The Golden State's landmark California Beverage Container Recycling system, enacted in 1987 to increase recycling rates for plastic, glass and aluminum beverage containers, is facing a crisis. Plastic bottle redemption rates have fallen from a high of 85 percent to just 75 percent last year, as recycling collection centers close across the state. If legislators don’t work on a fix soon, it could get worse.
“The key factor we identified to be contributing to declining return rates was the failure of the current program to ensure that there are sufficient convenient redemption points,” said Sarah Edwards, CEO of Eunomia North America, in a press statement. “The current container recycling program needs reform.”
A report just released by the Changing Markets Foundation and National Stewardship Action Council argues that unspent funds should be utilized by CalRecycle, the state waste management authority, to enhance plastic bottle redemption options and invest in pilot programs. Then, they argue, the bill can hit its long-term goal of a 95 percent recycling rate in the state.
“Modernization of the bottle bill will also bring significant environmental benefits and reduce financial burden on public authorities that are spending half a billion dollars on clean-ups,” said Nusa Urbancic, Campaigns Director of Changing Markets, in a press statement. “Unlocking these benefits, California could, once again, show environmental leadership it is famous for.”
The irony is that California’s bottle system is one of the few functioning plastic recovery programs in the country. Since it was enacted, it has resulted in more than 400 billion beverage containers being recycled. What’s happening in California, though, is part of a larger issue facing the country as a whole. Simply put, the United States is facing a plastic crisis.
Over the past decade, plastic production and consumption has boomed, but recycling and recovery systems have not. In fact, the national recycling rate has plateaued – and it is the recycling of primarily plastic that is lagging. Only 4.4 percent of plastic was recycled in 2018, as compared to 27 percent for glass, or 66 percent for paper. Part of the problem is the multitude of plastics that exist, but another factor is the limited market for recycled plastic to re-enter the economy. Virgin plastic, produced from oil, is just too cheap.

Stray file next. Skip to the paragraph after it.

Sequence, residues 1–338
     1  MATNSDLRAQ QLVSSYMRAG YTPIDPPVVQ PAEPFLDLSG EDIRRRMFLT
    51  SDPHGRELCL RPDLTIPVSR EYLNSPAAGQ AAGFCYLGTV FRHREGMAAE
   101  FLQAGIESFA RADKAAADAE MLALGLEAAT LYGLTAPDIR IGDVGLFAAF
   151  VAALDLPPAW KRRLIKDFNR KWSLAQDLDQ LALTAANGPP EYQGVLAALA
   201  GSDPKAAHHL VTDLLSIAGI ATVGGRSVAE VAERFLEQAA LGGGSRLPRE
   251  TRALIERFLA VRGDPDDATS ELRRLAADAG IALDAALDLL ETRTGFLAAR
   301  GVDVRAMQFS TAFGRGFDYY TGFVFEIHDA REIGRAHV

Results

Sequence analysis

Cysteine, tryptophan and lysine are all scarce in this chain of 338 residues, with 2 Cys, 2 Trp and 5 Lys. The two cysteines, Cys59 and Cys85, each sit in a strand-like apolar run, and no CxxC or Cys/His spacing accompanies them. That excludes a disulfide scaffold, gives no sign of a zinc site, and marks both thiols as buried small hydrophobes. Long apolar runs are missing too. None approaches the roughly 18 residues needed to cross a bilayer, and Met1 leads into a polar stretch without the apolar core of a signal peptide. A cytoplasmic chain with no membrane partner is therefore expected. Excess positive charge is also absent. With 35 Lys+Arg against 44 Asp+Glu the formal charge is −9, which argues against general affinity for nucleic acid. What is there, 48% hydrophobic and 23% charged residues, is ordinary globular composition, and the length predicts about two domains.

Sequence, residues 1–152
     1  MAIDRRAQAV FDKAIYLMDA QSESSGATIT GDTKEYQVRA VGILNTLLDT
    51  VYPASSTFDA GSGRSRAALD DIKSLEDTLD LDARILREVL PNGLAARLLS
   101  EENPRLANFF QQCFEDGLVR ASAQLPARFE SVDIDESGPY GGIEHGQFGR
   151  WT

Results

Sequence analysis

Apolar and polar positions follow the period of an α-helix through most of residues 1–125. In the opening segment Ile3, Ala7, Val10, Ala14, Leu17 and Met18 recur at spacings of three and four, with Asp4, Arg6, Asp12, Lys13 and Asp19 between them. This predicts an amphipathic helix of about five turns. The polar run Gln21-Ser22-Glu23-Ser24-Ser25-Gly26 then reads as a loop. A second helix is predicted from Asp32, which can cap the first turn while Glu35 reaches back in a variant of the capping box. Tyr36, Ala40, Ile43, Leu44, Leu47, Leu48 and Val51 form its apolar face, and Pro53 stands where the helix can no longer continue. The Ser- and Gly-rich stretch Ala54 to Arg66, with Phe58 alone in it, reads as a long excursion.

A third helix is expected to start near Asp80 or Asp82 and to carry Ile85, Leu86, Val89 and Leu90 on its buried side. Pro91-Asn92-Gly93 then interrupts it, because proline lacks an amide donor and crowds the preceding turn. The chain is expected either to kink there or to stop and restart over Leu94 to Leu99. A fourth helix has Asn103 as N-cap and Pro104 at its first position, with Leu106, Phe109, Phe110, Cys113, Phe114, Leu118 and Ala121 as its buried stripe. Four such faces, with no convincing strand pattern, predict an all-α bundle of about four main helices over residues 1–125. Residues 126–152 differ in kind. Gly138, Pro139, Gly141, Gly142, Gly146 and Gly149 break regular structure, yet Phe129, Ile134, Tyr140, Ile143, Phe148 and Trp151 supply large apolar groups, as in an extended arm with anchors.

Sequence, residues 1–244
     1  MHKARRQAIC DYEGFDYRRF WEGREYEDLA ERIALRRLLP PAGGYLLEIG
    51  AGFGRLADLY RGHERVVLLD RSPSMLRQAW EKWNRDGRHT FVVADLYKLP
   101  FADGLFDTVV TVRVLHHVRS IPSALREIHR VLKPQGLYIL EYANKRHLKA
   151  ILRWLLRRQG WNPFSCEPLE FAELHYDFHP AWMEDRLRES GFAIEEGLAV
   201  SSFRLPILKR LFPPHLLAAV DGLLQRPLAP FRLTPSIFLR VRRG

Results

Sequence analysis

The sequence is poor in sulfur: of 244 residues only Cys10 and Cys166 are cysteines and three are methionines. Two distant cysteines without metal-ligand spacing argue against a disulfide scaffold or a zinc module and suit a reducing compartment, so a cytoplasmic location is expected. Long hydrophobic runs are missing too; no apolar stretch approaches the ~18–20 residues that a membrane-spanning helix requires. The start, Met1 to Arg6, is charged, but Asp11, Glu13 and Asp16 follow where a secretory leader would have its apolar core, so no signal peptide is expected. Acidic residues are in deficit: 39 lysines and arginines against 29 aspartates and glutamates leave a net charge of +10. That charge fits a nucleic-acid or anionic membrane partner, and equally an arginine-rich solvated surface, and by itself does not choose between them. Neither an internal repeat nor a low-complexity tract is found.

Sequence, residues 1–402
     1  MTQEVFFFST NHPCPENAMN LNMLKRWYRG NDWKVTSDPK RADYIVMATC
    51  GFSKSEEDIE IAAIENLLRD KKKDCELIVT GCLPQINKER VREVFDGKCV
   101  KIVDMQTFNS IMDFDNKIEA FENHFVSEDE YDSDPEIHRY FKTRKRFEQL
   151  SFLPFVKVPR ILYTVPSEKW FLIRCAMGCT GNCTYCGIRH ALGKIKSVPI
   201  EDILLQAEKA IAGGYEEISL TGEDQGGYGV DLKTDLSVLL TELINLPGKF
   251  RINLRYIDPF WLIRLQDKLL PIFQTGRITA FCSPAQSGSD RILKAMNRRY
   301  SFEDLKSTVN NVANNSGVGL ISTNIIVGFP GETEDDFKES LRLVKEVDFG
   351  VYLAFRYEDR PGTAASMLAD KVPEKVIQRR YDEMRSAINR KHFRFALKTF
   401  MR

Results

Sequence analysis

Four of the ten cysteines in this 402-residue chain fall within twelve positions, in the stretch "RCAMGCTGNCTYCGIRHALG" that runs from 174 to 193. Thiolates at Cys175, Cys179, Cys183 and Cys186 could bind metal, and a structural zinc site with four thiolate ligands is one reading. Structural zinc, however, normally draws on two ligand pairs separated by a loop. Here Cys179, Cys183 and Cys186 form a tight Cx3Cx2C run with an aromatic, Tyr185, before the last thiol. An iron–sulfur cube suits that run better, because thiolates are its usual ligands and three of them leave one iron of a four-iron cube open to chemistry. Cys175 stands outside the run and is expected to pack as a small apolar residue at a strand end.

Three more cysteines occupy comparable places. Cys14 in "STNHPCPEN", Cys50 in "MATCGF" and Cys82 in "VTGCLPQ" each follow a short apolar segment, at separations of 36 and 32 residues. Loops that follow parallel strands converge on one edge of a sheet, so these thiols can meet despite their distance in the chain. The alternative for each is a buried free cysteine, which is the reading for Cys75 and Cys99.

The end results include the growing mounds of plastic filling up landfills. It got worse since 2018, when China stopped accepting plastic imports. Many cities and states relied on their ability to send plastic to China, as they lacked the facilities to recycle or process it here. China’s ban left many municipalities across the country with a problem – nowhere to send, or, soon, store plastic. Much of it ended up in landfills, and some have even stopped accepting plastic for recycling entirely.
The failure of the California plastic bottle redemption system to keep up is partly a failure of the state, but a big share of the responsibility falls on companies like Coca-Cola, PepsiCo and other beverage producers. For years, they have talked up their green credentials – PepsiCo, for instance, made a commitment to increase their beverage container recycling rate to 50 percent by 2018. Coca-Cola has said it has a goal to collect and recycle a bottle or can for each one it sells by 2030.
But by and large, beverage companies have failed to deliver, and a big part of that is their limited investment into recycling or investments in systems that can help recover and reuse plastic.
“Due to public concern about the plastic pollution crisis worldwide, we are witnessing a parade of corporations scrambling to look greener by putting forward false solutions to justify their addiction to single-use packaging,” said Greenpeace USA Global Project Leader Graham Forbes in a press statement.
This is why, even though we know we are using too much plastic, and that we need to cut back on single use plastic in particular, the plastics industry is building new plants to feed our plastic addiction. What’s even worse is the sector’s push to use the ongoing COVID-19 pandemic as an excuse to have cities, states, and other regions rescind plastic bag bans – despite little to no evidence of any public health benefit.
For now, California can be a model by fixing the broken container deposit system, and then passing the even more ambitious California Circular Economy and Plastic Pollution Reduction Act, now currently awaiting vote in Sacramento and already seeing fierce opposition from the plastic industry. The bill, if passed, would regulate all types of single-use plastic packaging, not only bottles. Only then can California play its role in solving the global plastic crisis.
Image credit: Pixabay
Can move this around. Technically my research is for a different report on plastic in the US